As first world problems go, walking downrange to change your targets is pretty horrific. Trekking hundreds of yards in Texas in late July battling heat and snakes? Fuggedaboudit! Thankfully, Lyman has come to the rescue with the Auto-Advance Target System. This sweet piece of kit changes targets remotely and works out to 200 yards.
Joking aside, when I shoot at a public range I’m usually frustrated by the long intervals between ceasefires. With the ability to typically place only one target downrange, shooting a bunch of accuracy groups with different brands of ammo can take for-freakin-ever. Obviously a private range solves this, but that isn’t always an option.
So, in addition to general laziness, the Auto-Advance Target System solves “real” issues as well. The targets come on a spool — a 50-foot roll — that’s inserted at the top of the system. The targets are printed on a thin, yet durable vinyl sheet.
An empty (but not for long) spool on the bottom is driven by an electronic motor and powered by eight AA batteries, pulling the targets down from the top. Tension is adjusted at the top to ensure the sheet remains toight like a toiger.
The Auto-Advance Target System ships with a roll of the bullseye targets you see in my photos, but other target styles are available as well. Small bullseyes, silhouette, and varmint targets are all on Amazon starting at about $13 shipped PRIME for an 18-inch by 50-foot roll.
The whole shebang fits in a 24x10x10 box (give or take), and assembles with ease. Simply stick the standard electrical conduit tubing — cheap and easy to replace at any home goods store — into the appropriate holes and stack the target parts on top like legos.
It took me less than 10 minutes the first time out of the box, but takes closer to three minutes now that the target is spooled, the batteries are in, the tension is adjusted, and I don’t need to refer to the instruction manual. The unit breaks back down in the same time and is easy enough to get back into its box.
The vinyl target sheet shows clean bullet holes, though they sort of seal up a bit behind the bullet. The small holes, particularly on the black bullseye area, can be difficult to see from a distance. It’s easy to measure center-to-center or edge-to-edge when you’re up-close, though.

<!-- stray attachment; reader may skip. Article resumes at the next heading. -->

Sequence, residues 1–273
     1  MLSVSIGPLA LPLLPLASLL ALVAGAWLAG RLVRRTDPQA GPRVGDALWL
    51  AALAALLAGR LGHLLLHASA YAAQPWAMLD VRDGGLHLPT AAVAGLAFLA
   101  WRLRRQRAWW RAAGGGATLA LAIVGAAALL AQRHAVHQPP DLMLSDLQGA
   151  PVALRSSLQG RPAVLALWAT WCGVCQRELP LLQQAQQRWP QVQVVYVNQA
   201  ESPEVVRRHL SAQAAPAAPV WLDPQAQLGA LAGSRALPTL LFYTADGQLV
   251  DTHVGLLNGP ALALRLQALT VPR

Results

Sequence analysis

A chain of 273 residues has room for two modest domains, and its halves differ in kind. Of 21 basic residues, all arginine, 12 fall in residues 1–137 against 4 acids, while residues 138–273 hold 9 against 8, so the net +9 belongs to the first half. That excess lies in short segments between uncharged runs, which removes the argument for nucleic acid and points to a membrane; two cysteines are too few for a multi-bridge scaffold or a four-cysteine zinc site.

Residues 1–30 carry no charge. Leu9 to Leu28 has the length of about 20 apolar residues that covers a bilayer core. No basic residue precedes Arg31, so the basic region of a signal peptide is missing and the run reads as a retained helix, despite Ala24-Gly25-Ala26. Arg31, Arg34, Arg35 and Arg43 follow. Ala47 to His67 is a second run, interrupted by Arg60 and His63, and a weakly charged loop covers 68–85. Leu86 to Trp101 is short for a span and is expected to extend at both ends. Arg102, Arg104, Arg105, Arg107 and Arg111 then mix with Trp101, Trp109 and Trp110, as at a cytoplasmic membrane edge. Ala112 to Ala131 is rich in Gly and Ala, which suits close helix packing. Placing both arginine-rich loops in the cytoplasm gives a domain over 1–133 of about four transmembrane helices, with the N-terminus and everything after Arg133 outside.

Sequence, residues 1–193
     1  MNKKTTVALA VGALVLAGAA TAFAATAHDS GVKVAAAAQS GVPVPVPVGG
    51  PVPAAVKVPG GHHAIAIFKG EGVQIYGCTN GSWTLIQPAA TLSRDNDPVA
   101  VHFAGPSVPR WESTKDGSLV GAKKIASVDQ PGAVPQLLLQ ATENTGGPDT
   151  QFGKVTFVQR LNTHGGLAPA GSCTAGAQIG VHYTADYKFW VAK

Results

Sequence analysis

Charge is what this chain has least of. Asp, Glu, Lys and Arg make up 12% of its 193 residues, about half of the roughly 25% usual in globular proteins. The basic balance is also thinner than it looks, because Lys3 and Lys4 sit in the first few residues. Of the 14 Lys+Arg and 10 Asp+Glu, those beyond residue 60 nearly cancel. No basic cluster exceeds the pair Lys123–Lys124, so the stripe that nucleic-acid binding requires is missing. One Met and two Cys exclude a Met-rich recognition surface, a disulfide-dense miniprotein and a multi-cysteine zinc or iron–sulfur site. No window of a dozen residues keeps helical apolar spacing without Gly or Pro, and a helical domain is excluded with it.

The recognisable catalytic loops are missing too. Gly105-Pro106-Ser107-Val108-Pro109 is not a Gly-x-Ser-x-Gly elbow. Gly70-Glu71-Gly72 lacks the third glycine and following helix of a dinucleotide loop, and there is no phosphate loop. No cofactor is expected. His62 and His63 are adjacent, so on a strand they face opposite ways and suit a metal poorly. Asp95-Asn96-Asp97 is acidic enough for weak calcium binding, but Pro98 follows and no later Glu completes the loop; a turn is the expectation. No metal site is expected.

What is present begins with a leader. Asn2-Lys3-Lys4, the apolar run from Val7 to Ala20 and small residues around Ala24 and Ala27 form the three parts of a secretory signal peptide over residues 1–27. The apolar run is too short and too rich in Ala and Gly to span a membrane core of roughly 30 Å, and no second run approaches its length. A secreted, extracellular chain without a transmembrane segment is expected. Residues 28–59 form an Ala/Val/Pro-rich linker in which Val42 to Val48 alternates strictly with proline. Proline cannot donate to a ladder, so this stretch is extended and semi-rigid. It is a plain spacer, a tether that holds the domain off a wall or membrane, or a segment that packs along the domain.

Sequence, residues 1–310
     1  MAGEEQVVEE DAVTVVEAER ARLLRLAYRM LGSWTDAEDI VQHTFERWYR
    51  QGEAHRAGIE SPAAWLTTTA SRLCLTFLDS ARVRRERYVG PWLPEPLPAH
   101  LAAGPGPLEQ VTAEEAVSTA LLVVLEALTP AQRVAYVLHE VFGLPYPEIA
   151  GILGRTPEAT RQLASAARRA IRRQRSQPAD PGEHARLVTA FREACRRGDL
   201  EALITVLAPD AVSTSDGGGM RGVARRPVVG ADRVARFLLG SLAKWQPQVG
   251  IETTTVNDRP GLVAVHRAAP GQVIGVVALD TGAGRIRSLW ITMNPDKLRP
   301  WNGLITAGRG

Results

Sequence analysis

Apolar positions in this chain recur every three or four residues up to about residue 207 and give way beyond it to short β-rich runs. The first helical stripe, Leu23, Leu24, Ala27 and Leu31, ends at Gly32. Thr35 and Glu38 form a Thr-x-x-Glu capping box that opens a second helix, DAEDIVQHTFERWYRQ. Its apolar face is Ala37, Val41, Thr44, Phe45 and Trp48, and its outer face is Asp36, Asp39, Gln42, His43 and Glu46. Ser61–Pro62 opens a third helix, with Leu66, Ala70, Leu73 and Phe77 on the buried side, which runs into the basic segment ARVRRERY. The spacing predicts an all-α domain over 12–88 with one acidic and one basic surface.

Purely for the benefit of TTAG’s readership and certainly not on accident, I pegged the Auto-Advance’s top panel with a 55 grain .223 round at 100 yards. Lyman states only that the steel protection plates are “rated for use with all rimfire calibers.” Okay, but for a target that works out to 200 yards I think it’s fair to expect
idiots reviewers testing a product’s durability to shoot centerfire rifle calibers at it, too.
On the plus side, whether rated for it or not, the steel plate shrugged off the fully intentional .223 impact fairly well. Some missing powdercoat and a shallow dent that was barely reciprocated on the other side is all it had to show for my thorough, pre-planned product testing.
The spall from that well-placed shot tore a gash through the target. No problem; I simply hit the bottom button to advance the roll until that reminder of my success disappeared onto the bottom spool, then hit the top button to stop the system.
My only complaint about the Lyman Auto-Advance Target System: there’s no stiff backing and the target sheet can move in the wind.
Increasing the tension on the top spool, thereby forcing the motor to pull the target tighter, helped. But in particularly gusty conditions, which I experienced on my first range outing with the Auto-Advance, the wind was able to pull some target out from the top spool.
I’m fairly certain I could use a plastic target backer or any ol’ sheet of cardboard, cut to size, and shoehorn it in there (either taped or clipped to the front of the vertical pipes, most likely) to support the rear of the target sheet.
On this windy day I moved the Auto-Advance Target in front of the range’s existing plywood target stands, using it as a wind block. On calmer days the Lyman system was perfect.
Whether it’s laziness, Texas heat (which we’ll just go ahead and file under a different category from laziness) or a slow ceasefire schedule at the range, the Lyman Auto-Advance Target System gives you 50 feet of targets in the same footprint as a typical, single target stand, with push-button convenience out to 200 yards. It’s tough enough and works as advertised.
Specifications: Lyman Auto-Advance Target System
Overall dimensions: 24″ wide x 29″ deep x 60″ tall (variable)
Weight: 30 lbs
Target Roll: 18″ wide x 50′ long vinyl sheet
Remote system: 433.92MHz, 200 Yard capability
Battery requirement: Transmitter: 9V / Receiver: 8 x AA
MSRP: $179.97 ($137.99 delivered, plus $25 rebate until Sept 1, on Optics Planet HERE or the same price plus $7.49 shipping on Amazon HERE)
Ratings (out of five stars):
Quality * * * *
Solid for the price and works great out to the suggested 200-yard maximum range. The use of easily-replaceable conduit as a frame was a good idea. While I’d prefer that the steel protection plates were actual 3/8″ AR500 armor, this would more than double the cost of the Auto-Advance Target System, which shrugged off the .223 round anyway.
Utility * * * *
Push-button, auto-advancing convenience! Four target styles to choose from is better than one.
Customize This * * *
Vary the height of the target stand by using shorter or longer lengths of conduit. You could even close the gap between top and bottom spools to lessen the effect of the wind…if you trust your aim! On the downside, there are only four targets to choose from at this time.
Overall * * * *
A target that auto-advances out to 200 yards makes shooting more fun and convenient. The Lyman Auto-Advance Target System works just as advertised.